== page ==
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This report is important, especially given the fundamental role of Indigenous Peoples and Traditional Communities in protecting and caring for nature — confirmed by numerous publications:. The revised report describes several proposed alternative approaches:. This report see image below expands on the first version, including the learnings from field testing in Bolivia, during which some of the approaches, such as integration with national legality schemes, benefited from further research. The tool is designed in the format of a questionnaire as it was found that communities in Bolivia have good experience with it from organic certification.

Jens explains that some questions, terms and words had to be adapted locally and nationally before the tool could be applied, in a similar manner to national adaptation of the FSC Principles and Criteria. Project Coordinator, Yadira Molina Cruz from FSC Honduras, echoes a similar sentiment, that the project benefited from all forms of communication being kept simple and the materials understandable to all. Some participants have years of experience and are very knowledgeable on the certification jargon while some have no experience.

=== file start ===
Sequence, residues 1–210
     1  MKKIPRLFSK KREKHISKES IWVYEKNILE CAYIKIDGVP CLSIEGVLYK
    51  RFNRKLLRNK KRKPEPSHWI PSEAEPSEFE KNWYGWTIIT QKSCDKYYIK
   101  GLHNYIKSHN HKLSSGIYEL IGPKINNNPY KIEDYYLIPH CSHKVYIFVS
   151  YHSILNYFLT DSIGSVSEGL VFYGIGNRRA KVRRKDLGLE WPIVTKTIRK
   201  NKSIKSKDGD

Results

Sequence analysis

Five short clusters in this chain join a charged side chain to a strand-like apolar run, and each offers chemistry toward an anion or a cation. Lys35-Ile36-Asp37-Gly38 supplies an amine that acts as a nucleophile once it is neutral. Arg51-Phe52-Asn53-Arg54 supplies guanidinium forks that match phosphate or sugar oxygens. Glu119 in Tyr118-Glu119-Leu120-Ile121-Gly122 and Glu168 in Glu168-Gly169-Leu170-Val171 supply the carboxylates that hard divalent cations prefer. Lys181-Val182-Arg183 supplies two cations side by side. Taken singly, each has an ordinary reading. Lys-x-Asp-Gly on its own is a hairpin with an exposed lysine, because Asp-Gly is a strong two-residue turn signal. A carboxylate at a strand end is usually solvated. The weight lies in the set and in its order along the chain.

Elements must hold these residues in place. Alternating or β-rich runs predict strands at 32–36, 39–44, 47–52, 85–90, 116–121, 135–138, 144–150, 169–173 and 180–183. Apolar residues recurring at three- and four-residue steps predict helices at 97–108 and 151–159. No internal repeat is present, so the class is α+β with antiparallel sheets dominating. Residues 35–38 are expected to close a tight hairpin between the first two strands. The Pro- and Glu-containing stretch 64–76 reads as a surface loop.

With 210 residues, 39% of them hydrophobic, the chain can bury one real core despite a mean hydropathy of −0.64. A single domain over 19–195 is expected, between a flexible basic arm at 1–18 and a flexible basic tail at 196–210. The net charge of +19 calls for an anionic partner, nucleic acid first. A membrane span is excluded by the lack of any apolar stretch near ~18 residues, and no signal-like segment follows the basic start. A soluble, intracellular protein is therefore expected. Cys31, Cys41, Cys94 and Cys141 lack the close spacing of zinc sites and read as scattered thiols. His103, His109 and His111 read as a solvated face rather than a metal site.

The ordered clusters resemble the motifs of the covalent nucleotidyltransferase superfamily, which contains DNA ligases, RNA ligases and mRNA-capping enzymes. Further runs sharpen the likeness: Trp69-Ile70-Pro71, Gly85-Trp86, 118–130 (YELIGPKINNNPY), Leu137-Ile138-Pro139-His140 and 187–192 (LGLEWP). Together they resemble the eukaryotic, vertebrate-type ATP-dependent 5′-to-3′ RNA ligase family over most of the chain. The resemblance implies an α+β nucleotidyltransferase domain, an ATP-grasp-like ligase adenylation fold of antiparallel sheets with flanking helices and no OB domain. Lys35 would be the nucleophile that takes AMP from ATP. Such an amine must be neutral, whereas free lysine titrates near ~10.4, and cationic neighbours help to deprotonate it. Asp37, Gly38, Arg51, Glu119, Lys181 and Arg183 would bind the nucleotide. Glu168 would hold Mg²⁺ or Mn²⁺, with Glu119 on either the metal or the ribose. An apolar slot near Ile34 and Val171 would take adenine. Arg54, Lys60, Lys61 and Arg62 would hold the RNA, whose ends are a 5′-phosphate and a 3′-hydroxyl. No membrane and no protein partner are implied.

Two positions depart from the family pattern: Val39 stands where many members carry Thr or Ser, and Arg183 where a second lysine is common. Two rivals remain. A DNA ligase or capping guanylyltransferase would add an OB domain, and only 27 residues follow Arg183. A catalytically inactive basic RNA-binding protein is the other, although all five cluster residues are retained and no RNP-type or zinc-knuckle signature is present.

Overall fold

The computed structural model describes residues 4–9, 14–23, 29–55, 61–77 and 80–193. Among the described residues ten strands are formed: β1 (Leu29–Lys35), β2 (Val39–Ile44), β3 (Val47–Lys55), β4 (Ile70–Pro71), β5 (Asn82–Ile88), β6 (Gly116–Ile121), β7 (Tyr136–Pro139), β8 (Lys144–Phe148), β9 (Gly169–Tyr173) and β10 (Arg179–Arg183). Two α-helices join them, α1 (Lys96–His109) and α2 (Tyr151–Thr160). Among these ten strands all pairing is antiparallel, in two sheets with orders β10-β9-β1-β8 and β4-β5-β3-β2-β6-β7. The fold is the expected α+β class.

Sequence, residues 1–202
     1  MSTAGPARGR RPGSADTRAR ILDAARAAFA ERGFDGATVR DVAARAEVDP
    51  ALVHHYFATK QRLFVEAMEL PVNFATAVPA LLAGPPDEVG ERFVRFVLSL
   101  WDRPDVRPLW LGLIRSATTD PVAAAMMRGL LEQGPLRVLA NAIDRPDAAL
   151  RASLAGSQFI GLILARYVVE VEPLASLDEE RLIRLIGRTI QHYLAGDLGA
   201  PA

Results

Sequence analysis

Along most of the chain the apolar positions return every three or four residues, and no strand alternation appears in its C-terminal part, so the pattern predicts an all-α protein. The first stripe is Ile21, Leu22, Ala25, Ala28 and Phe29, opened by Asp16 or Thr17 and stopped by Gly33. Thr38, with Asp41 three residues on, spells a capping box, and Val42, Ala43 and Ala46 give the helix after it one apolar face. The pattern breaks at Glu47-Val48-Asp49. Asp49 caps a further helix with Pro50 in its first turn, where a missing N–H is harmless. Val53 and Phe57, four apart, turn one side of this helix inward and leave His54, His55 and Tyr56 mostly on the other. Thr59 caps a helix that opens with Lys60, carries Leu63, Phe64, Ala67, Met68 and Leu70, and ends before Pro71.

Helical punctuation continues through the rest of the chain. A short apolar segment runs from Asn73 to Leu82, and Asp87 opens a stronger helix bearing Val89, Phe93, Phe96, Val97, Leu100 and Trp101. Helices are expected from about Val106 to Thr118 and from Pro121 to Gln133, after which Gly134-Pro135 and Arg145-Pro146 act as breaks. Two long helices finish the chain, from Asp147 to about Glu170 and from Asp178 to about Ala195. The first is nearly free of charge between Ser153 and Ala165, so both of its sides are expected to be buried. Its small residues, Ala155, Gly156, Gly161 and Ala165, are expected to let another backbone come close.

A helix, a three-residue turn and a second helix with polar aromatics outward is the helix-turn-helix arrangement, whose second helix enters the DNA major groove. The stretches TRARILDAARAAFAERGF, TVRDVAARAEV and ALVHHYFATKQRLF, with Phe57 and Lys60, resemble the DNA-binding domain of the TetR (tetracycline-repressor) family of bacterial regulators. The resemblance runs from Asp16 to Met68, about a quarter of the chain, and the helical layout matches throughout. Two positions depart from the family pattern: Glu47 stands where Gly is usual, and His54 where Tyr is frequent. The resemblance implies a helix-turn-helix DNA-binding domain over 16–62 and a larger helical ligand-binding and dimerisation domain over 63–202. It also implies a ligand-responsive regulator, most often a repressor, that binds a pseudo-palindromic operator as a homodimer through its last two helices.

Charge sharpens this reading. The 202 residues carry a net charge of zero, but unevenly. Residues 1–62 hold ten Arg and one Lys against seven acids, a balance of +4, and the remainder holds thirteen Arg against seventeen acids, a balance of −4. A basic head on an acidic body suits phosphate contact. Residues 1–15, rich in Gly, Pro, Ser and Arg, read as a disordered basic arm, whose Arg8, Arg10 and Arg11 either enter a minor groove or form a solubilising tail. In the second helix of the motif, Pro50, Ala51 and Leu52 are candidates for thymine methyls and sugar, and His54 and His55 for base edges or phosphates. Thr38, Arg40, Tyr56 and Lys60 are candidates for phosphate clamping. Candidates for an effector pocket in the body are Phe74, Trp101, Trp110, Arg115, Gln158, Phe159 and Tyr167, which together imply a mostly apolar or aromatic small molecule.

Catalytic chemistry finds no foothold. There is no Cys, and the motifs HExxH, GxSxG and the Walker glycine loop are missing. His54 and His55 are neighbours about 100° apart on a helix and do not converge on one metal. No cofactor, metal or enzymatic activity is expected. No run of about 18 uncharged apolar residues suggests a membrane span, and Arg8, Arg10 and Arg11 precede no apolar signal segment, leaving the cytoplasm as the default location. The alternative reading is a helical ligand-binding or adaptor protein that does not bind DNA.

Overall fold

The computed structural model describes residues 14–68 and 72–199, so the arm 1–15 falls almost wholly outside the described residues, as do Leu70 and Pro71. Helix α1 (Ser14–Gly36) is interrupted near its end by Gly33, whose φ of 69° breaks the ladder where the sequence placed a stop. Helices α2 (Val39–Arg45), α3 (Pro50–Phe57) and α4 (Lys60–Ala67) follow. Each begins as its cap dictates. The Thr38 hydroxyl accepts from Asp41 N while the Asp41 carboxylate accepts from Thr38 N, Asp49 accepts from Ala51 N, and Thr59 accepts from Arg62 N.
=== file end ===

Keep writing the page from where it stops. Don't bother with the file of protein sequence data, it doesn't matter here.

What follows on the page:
Yadira describes other challenges and lessons learned during the project.

What Is Community Forestry?

She says it is also challenging to look for organsational and strategic measures within the FSC structure to support additional work to assure the completion of an entirely new FSC certification system when the project ends. Challenges aside, there are also lessons throughout the whole project. She adds any new alternative for FSC certification must be developed from the ground up through practical implementation that involves representatives from the Indigenous Peoples and Traditional Communities.